You have to trust me on this.  Do several drawings.  The more you do, the more revealing it will be and the better your hand and eyes will work together.  You’re training your eyes to really see.  When we first begin to draw, our eyes are prejudiced.  We look at a thing for a moment and then we look at our paper and draw the thing without another look at it.  We’ve decided in our mind what we believe the thing looks like.  Take an eye, for instance.  You’re looking at a face.  You look at the eye for maybe five seconds.  When you turn your attention to the paper, you may draw the entire eye without ever looking back at the eye again.  This is prejudice.  We’re generalizing eyes.  We think we know what all eyes look like.  However, each eye is different.  We must look closer.  Contour drawing teaches you to look closer, to see the differences.  It teaches you to judge how long something is, how far it goes, what direction it takes.

A moment ago, I told you there’s a reason why your finished contour drawing might seem disproportionate.  With the next contour drawing you do, reflect on what you feel as your draw.  Is this part of the item boring to you?  Is it interesting to you?  Look at my sample below, of an calculator.


Do you see how much larger the buttons are than the calculator itself?  This is because as I drew, my mind was rather bored with the shape of the calculator.  It wanted to get on with the details, with the fun stuff.  So without realizing I was doing it, I drew faster when I was drawing the boring parts.  When you draw faster, you make things smaller.  When you’re interested in something, you go slower and thus, the thing is larger.  So this contour drawing reveals how you feel about the thing you’re drawing.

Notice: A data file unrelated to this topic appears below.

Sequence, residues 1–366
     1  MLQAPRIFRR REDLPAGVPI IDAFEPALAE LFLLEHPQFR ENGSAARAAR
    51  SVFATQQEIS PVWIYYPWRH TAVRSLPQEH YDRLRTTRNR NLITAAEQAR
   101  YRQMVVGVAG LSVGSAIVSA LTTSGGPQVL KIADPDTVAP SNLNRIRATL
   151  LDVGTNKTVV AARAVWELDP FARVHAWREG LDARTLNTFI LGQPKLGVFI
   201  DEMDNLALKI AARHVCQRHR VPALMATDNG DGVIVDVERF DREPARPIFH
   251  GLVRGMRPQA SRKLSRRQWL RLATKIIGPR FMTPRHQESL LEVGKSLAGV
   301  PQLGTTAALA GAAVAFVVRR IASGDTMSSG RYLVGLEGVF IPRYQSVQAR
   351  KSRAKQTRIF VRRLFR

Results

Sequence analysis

In this next image, I drew my own hand.  I rested my hand on a surface so it was relaxed.  You can also make a fist or hold your hand in any way that you like.  As I drew my hand, I let my eye wander into the crevices of my joints and to follow the shape of the finger nails and thumb nail.  A contour drawing describes what your mind saw.


You’ll laugh at yourself with the first drawings you do, but if you stick with it, you’ll begin to see how true they become and also how interesting and revealing they are.  You’ll find your hand-eye coordination improving in the rest of your drawings as well.

2 comments on “Contour Drawing

  1. Hello! I’m glad you saw things you might be interested in trying. I love doing contour drawing. Even small children enjoy trying it out. I definitely have every student I teach do at least a couple of contour drawings. My instructor used to have us do some sort of drawing exercise as a warm-up at the beginning of each class. I loved doing contour drawings for my warm-ups.

    Thanks again for stopping for a visit!

  2. This is a great explanation / tutorial! I always struggle with getting the shape of my sketches correct, and then even when I do it seems to be missing something. Perhaps this will help. I’ll have to try it soon!